Because I had no idea what happening to me nor did I even know what the letters MS represented, when it came time to begin medical treatment, my limited knowledge forced me to conform to whatever course of drugs put before me. Beta Seron, a self-injection, came into my life not long after my diagnosis. The only other two options mentioned were Copaxone and Avonex, both also injections.
I didn't know the difference. My foggy head was full and heavy with information overload. Willing to do whatever I was told to do, I learned to stick a needle into myself, keep an injection site map, and only cry in private. Initially I had to manually inject myself, but eventually Biogen came out with an automatic needle injector, which truly made the process less difficult as long as I didn't jump at the noise the injector made upon activation. I even go excited when, after a couple of years, the rather drab looking injector changed to a colorful version of it's former self. (It's just the little things, folks.)
After eleven years as Beta Seron junkie, I was introduced to an oral drug. The medical student who originally diagnosed me was very excited about Tecfidera and his excitement spilled over to me as I anxiously awaited approval to begin my departure from needles, ice packs, and nasty looking bruises.A pill for multiple sclerosis! What I didn't know at the time was that Tec was not the first oral treatment for MS. My knowledge had not expanded at all, but I was ready and willing to be lead down this new option for combating my disease.
The warnings were clearly stated, but I was aware of a settling-in period and was patient. And at first everything was fine. I took two low dose pills a day. I kept my pills in a cute little green case and was totally thrilled to ad this fashionable accessory to my wardrobe. Hopeful...I was so very hopeful.
And then, the dosage increased as was the plan. i read and re-read reviews, warnings, cautions, but NOTHING prepared me for the hell that imprisoned me for the entirety of the anguish that my Christmas break held for me. I was still teaching and planned to ease into this increase in poisons I put into my body during a time aware fro students.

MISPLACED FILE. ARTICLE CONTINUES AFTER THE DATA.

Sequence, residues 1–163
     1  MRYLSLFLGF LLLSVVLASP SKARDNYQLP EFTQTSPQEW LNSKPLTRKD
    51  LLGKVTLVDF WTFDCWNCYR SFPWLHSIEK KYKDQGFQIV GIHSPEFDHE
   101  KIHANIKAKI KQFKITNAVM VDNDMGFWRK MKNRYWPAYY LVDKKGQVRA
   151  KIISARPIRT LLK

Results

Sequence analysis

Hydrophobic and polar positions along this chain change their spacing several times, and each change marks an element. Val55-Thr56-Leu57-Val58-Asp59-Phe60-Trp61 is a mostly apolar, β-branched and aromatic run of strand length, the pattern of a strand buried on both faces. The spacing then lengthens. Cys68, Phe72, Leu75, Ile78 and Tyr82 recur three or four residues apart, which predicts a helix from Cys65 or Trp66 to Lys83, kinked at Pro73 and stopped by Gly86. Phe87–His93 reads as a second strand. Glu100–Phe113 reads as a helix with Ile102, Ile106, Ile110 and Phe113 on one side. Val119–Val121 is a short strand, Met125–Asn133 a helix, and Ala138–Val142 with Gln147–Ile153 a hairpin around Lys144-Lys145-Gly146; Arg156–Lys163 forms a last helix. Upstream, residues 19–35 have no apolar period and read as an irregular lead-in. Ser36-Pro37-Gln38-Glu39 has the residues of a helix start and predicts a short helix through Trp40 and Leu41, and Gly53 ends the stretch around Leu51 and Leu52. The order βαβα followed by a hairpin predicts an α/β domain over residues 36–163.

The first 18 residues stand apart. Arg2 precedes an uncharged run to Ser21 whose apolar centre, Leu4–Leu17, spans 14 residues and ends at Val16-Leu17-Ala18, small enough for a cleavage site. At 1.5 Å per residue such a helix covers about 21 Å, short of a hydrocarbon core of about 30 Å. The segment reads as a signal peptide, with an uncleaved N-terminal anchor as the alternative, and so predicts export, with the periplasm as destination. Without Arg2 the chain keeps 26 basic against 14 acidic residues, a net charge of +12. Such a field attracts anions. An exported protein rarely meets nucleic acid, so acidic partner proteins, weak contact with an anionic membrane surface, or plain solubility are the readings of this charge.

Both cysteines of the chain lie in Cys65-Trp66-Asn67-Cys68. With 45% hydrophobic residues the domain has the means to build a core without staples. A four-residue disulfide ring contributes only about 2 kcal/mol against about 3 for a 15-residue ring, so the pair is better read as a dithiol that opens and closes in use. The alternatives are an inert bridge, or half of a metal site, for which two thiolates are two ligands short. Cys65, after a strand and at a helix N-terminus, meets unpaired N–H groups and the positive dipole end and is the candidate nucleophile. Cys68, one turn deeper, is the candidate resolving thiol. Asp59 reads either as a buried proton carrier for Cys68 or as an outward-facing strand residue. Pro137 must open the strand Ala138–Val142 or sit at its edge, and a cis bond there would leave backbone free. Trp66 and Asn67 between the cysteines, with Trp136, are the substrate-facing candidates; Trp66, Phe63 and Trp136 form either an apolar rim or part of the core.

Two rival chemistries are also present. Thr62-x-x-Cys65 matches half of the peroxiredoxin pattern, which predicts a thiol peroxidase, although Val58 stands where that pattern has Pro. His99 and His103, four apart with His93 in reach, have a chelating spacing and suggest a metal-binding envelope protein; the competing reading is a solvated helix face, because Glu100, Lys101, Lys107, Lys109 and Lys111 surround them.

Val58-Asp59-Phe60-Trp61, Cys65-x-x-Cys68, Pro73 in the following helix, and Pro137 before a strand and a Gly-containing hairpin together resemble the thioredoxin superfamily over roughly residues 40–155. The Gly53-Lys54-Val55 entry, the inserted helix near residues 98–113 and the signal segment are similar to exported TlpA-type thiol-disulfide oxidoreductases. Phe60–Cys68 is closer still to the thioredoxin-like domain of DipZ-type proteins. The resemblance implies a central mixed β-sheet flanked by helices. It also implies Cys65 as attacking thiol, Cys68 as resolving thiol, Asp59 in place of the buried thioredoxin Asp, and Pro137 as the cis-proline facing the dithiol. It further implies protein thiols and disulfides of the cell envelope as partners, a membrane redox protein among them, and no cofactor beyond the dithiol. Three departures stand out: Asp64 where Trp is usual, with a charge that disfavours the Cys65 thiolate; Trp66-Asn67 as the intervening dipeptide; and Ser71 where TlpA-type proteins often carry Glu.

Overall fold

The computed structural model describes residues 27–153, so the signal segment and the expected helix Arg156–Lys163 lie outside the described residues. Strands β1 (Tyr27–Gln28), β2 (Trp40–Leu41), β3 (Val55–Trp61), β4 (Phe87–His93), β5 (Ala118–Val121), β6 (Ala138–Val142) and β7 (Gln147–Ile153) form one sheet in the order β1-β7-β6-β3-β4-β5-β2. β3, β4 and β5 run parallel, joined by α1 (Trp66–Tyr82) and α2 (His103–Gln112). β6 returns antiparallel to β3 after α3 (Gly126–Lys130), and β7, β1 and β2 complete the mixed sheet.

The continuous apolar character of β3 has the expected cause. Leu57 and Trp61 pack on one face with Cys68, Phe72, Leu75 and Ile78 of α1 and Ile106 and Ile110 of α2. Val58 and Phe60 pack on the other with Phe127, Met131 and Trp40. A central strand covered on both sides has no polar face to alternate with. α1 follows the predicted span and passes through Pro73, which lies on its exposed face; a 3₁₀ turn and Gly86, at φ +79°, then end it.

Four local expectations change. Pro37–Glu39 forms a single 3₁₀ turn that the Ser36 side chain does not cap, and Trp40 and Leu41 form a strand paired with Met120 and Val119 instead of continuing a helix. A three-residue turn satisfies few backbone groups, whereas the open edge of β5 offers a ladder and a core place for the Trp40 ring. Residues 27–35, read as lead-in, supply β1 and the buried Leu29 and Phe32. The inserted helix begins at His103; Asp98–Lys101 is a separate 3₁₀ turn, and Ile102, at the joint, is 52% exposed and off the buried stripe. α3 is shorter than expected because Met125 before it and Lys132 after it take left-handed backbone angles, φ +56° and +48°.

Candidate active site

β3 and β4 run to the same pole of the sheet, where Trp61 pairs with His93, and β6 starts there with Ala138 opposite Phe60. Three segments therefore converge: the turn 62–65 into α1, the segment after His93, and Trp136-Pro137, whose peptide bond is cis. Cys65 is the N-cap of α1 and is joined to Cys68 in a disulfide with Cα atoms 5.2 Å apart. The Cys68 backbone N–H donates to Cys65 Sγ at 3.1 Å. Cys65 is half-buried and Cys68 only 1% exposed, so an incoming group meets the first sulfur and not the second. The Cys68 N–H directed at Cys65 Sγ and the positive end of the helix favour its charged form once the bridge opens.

Following a three day vacation on my bathroom floor, I realized that maybe this wonder drug was not for me. Vomitting, diarrhea, headaches, lack of appetite...Although it was flue season, there was no way this was any strain of influenza. The advice I received from the medical world? "Maybe you should arrange a leave of absence until your body acclimates."
Let's take a look at the REALITY of this suggestion. I was the bread winner at the time. There was no way this could be an option. Yes, I had to take care of myself, but I cold not see in any way how forcing my body to accept something that made me so sick to bring a bout a positive outcome. Taking care of my family far exceeded the misery I felt.
I lost 14 pounds over Christmas holiday and have only re-gained about 2 of that. It's been several years ago and the weight is still off. Doesn't really sound like a bad thing, does it?
After making a break for it, I reported to my neuro that I really didn't want to be medicated at all. He didn't like that decision. I didn't care.